spaceSpace and Physics

Scientists Have Discovered A New And Unusual Type Of Superconductivity


Jonathan O'Callaghan

Senior Staff Writer

Emily Edwards, University of Maryland

Researchers have observed an exotic type of superconductivity that relies on highly unusual electron interactions, which may open the door to novel types of research in the future.

The behavior, regarded as elusive, has not been seen before. A study describing the findings has been published in Science Advances


"No one had really thought that this was possible in solid materials," said senior author Johnpierre Paglione, from the University of Maryland, in a statement.

To understand what’s going on, we first need to get to grips with superconductivity itself. It refers to a process through which materials can conduct electricity with no resistance, meaning they don’t give off any heat or energy. It often relies on temperatures approaching absolute zero (0 Kelvin, or -273.15°C).

In superconductors, the electrons are dictated by something called spin, which is a quantum property relating to the angular momentum of the electrons. Usually, they carry a spin of 1/2, but in this research, the team found particles with a spin of 3/2 in a material called YPtBi. This, they say, is a new type of superconductivity.

"High-spin states in individual atoms are possible but once you put the atoms together in a solid, these states usually break apart and you end up with spin one-half," said Paglione.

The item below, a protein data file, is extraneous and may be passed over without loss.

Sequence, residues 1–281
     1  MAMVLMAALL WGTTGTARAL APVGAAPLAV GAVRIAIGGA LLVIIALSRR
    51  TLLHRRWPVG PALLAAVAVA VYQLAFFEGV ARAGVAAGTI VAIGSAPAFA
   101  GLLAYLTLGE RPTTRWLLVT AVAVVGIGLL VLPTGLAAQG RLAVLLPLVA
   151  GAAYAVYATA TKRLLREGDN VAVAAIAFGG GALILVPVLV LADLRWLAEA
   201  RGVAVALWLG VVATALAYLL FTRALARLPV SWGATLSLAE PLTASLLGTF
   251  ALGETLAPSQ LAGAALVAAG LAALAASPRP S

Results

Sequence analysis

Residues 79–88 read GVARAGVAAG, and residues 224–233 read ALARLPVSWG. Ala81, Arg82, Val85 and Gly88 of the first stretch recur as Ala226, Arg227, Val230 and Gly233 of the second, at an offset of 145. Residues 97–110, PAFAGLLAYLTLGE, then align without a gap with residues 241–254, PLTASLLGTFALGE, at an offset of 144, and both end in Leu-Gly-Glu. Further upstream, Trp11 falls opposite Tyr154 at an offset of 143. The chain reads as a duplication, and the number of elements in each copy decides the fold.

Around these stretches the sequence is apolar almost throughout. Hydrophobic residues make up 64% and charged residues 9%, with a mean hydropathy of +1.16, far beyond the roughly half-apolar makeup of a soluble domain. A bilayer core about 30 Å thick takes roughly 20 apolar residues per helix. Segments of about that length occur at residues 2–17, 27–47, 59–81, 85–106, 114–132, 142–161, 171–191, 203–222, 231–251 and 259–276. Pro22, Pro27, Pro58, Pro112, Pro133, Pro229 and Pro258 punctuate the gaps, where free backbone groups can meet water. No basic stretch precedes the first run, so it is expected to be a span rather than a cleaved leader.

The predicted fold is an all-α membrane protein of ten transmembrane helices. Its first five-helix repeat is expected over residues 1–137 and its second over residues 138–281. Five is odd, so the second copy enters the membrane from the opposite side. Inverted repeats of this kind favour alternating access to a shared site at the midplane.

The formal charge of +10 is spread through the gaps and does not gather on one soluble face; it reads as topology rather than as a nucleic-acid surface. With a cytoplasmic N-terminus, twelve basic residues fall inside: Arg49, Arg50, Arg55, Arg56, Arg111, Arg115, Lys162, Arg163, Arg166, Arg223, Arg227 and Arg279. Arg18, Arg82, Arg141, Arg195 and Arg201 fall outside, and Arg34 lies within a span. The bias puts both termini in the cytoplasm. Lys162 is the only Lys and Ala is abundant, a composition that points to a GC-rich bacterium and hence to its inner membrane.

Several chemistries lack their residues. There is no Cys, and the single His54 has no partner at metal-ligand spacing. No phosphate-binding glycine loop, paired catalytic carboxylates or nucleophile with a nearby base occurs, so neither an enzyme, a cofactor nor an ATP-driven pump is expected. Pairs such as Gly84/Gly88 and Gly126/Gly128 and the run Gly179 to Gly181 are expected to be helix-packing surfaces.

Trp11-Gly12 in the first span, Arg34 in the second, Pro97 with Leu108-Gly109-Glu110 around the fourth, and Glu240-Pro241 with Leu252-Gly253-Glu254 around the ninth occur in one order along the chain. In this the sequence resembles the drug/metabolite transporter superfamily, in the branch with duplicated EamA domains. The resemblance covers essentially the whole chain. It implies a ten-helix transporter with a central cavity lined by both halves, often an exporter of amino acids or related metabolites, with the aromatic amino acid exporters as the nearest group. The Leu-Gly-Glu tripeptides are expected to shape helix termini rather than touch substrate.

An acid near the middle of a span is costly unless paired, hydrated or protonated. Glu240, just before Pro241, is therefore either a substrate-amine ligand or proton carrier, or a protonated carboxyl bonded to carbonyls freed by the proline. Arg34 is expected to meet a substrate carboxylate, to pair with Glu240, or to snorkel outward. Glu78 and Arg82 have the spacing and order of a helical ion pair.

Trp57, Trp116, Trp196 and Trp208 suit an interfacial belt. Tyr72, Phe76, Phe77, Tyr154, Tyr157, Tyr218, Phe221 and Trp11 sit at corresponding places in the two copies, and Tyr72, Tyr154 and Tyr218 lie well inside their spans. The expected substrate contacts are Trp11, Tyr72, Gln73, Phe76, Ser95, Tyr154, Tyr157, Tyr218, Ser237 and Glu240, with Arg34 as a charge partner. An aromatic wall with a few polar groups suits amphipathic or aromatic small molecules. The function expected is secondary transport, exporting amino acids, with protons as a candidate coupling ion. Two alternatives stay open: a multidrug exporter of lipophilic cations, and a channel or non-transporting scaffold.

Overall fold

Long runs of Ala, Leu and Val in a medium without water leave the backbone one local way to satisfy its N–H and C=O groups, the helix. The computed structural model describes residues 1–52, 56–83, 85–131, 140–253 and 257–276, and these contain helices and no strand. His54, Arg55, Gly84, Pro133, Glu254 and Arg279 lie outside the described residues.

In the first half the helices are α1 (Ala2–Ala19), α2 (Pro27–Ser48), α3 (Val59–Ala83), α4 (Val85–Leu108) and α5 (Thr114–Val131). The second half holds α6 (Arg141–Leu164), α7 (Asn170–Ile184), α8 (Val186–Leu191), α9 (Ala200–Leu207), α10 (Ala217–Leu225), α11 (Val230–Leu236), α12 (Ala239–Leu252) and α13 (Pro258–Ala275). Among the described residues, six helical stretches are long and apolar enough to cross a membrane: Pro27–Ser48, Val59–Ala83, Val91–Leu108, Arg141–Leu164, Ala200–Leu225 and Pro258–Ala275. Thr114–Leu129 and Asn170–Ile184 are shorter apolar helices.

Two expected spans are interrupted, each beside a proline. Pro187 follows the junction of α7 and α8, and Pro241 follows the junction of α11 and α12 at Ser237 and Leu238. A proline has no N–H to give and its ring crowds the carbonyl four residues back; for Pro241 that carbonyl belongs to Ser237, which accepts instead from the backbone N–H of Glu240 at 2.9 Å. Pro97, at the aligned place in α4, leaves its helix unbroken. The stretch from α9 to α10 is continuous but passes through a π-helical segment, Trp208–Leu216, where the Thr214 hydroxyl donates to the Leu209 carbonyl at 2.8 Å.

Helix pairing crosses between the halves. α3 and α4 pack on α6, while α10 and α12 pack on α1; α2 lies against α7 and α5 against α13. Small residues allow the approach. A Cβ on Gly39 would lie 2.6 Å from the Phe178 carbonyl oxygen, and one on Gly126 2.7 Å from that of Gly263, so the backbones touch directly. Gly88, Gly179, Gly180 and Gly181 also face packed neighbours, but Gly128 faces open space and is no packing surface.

What’s particularly unusual here is that YPtBi is not a very good conductor, which is usually a requirement of superconductors. So when it became superconducting at a higher temperature than thought, 0.8 Kelvin (-272.35°C), the scientists noted something interesting was going on.

By studying the interaction of the material with a magnetic field, the team were able to work out the nature of the electron pairing in the superconductor. By carrying the temperature and applying a small magnetic field, the team found that the electrons were disguised as particles with a higher spin.

"We used to be confined to pairing with spin one-half particles," said lead author Hyunsoo Kim from the University of Maryland. "But if we start considering higher spin, then the landscape of this superconducting research expands and just gets more interesting."

The team now want to try and work out how the electron pairs are being held together inside this superconductor. They note that the unconventional pairing could represent a novel form of superconductivity that could lead to the development of a new range of superconductors.


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